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Dublin: 7 °C Friday 24 January, 2020

'Women in crisis pregnancy have been told take the boat... today we tell them: take our hand'

Leading political figures have reacted to what appears to be an overwhelming Yes vote.

From L to R: Minister for Housing Eoghan Murphy TD, Minister for Health Simon Harris TD and Kate O'Connell TD in the RDS.
From L to R: Minister for Housing Eoghan Murphy TD, Minister for Health Simon Harris TD and Kate O'Connell TD in the RDS.
Image: Leah Farrell/

LEADING POLITICAL FIGURES have reacted to what appears to be an overwhelming Yes vote on whether or not to Repeal the Eighth Amendment of the Irish Constitution.

Tallies this morning from count centres across the country have chimed in with two exit polls last night showing an overwhelming majority for a Yes vote.

Reacting to the news today in the RDS, which is acting as the main Dublin count centre, Health Minister Simon Harris – who was one of the leading political figures advocating for a Yes vote – said he was “pleasantly surprised” with the result.

“I think everybody is. I think everybody is pleasantly surprised. I think the people voted this way after they carefully considered all the issues,” he said.

He said the people of Ireland have said they “want to live in a country that treats women with compassion” and that they voted after they had carefully considered all the issues.

“Under the Eighth Amendment, women in crisis pregnancy have been told take the plane, take the boat, today we tell them; take our hand.

Under the Eighth Amendment, women in crisis have been told you’re on your own, today we say; we will stand with you.

An Taoiseach Leo Varadkar also spoke today from the RDS, and welcomed the result.

“What we’ve seen today is the culmination of a quiet revolution that has taken place in Ireland over the past 10-20 years,” he said.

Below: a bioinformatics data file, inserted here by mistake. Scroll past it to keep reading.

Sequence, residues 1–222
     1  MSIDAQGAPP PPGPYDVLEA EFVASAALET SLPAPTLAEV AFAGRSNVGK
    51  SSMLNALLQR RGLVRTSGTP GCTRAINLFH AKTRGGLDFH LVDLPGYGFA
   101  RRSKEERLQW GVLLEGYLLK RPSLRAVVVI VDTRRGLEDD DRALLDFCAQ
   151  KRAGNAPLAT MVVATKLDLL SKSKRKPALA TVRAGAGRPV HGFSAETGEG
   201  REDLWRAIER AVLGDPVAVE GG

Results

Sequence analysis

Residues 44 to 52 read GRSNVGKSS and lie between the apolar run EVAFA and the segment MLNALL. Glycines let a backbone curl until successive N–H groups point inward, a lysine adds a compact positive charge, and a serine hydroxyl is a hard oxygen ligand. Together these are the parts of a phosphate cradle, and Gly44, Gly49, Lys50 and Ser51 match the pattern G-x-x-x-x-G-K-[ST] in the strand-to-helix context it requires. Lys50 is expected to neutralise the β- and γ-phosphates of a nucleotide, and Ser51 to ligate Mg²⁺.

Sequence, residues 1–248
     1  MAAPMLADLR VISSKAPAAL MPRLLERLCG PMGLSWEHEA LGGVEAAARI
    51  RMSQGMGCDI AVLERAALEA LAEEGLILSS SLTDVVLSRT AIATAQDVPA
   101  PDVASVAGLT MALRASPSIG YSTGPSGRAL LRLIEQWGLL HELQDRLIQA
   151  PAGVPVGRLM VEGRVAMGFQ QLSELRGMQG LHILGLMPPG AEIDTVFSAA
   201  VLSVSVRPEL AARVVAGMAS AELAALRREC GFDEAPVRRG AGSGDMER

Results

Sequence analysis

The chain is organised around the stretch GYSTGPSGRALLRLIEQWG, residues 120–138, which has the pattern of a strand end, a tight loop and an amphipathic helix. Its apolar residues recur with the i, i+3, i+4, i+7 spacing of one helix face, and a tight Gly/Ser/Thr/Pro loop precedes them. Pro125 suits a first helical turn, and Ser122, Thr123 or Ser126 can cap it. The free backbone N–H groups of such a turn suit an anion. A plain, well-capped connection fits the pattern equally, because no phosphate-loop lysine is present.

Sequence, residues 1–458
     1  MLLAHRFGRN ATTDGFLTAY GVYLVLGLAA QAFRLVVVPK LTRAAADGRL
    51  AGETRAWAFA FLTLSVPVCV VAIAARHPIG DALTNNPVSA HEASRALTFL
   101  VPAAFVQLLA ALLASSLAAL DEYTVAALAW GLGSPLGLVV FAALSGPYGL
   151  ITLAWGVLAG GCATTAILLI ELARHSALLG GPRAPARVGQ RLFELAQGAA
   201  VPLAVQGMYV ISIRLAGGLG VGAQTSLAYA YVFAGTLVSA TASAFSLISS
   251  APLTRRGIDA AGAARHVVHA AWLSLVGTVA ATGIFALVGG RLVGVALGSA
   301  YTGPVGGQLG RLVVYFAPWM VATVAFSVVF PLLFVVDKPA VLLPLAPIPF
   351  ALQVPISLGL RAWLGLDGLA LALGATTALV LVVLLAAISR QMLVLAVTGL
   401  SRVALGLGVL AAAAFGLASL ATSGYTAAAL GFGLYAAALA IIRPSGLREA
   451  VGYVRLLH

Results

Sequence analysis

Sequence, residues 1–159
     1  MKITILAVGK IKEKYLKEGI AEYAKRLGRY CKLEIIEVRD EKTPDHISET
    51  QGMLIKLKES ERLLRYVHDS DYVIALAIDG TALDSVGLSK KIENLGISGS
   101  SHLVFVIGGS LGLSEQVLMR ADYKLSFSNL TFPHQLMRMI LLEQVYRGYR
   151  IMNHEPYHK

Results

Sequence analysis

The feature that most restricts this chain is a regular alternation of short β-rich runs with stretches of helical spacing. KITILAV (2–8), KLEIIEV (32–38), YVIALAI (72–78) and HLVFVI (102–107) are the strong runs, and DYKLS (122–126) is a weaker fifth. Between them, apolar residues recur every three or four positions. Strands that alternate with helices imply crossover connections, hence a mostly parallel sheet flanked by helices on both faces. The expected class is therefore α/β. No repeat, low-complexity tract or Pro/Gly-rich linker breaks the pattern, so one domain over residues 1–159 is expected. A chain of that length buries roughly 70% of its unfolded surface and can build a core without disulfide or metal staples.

“We trust women, and we respect them to make the right decisions for their healthcare… this gives the government the mandate.

“Most of all it was the very many brave women and men who told their stories as to how the Eighth Amendment had impacted on them,” he said, when asked about what influenced voters.

They allowed us a nation to understand how this hard law created so many hard cases.

Varadkar said that he’d have the legislation through “quicker if he could”, and said it will take another six months for the legislation to be enacted.

“My intention is to bring in legislation exactly on the lines of what is in the general scheme,” he said.


Opposition party leaders also reacted warmly to the result.

Speaking to RTÉ’s Marian Finucane, Sinn Féin leader Mary Lou McDonald said:

“I think lots of us were probably guilty of poll watching.. And there was a certain sense of not taking anything for granted,” she said.

McDonald said that particular credit was due to the women and their families who “came forward and told their stories”.

The Sinn Féin leader was also questioned in relation to her party TDs Carol Nolan and and Peadar Tóibín – both of whom campaigned for a No vote, going against the official party line.

“The difference arises from the fact that Sinn Féin has a longstanding policy of repealing the Eighth,” said McDonald.

“Both Carol and Peadar have a different view on these matters.”

“Clearly you’ll understand that as the leader of Sinn Féin I’ll have to ensure that the democratic positions of the party are represented and upheld,” she said.

Particularly where it comes to casting votes in parliament where the law is made… So I hope that Peadar and Carol will accept the verdict of the people today and I will have no reason to believe they won’t.

Meanwhile, Fianna Fáil leader Micheál Martin also faced questions over his own party – with over half of his TDs having advocated for a No vote.

“I think to be fair the vast majority were fine to be honest… There’s a continuum on this issue,” he said.

“So with people in party voting No.. they had no issue with me at all voting Yes,” he said.

Martin said that it was always his belief that the result of the referendum would settle the matter definitely.

He felt “the result would give a clear and definitive pointer of what the people wanted”.

“It was a matter of continuing to lead from the front,” he said.

Martin said that the overwhelming strength of the Yes vote was something he could take comfort from.

The world is changing and certainly there’s a force coming to have a very significant impact particularly in referendums.

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About the author:

Cormac Fitzgerald

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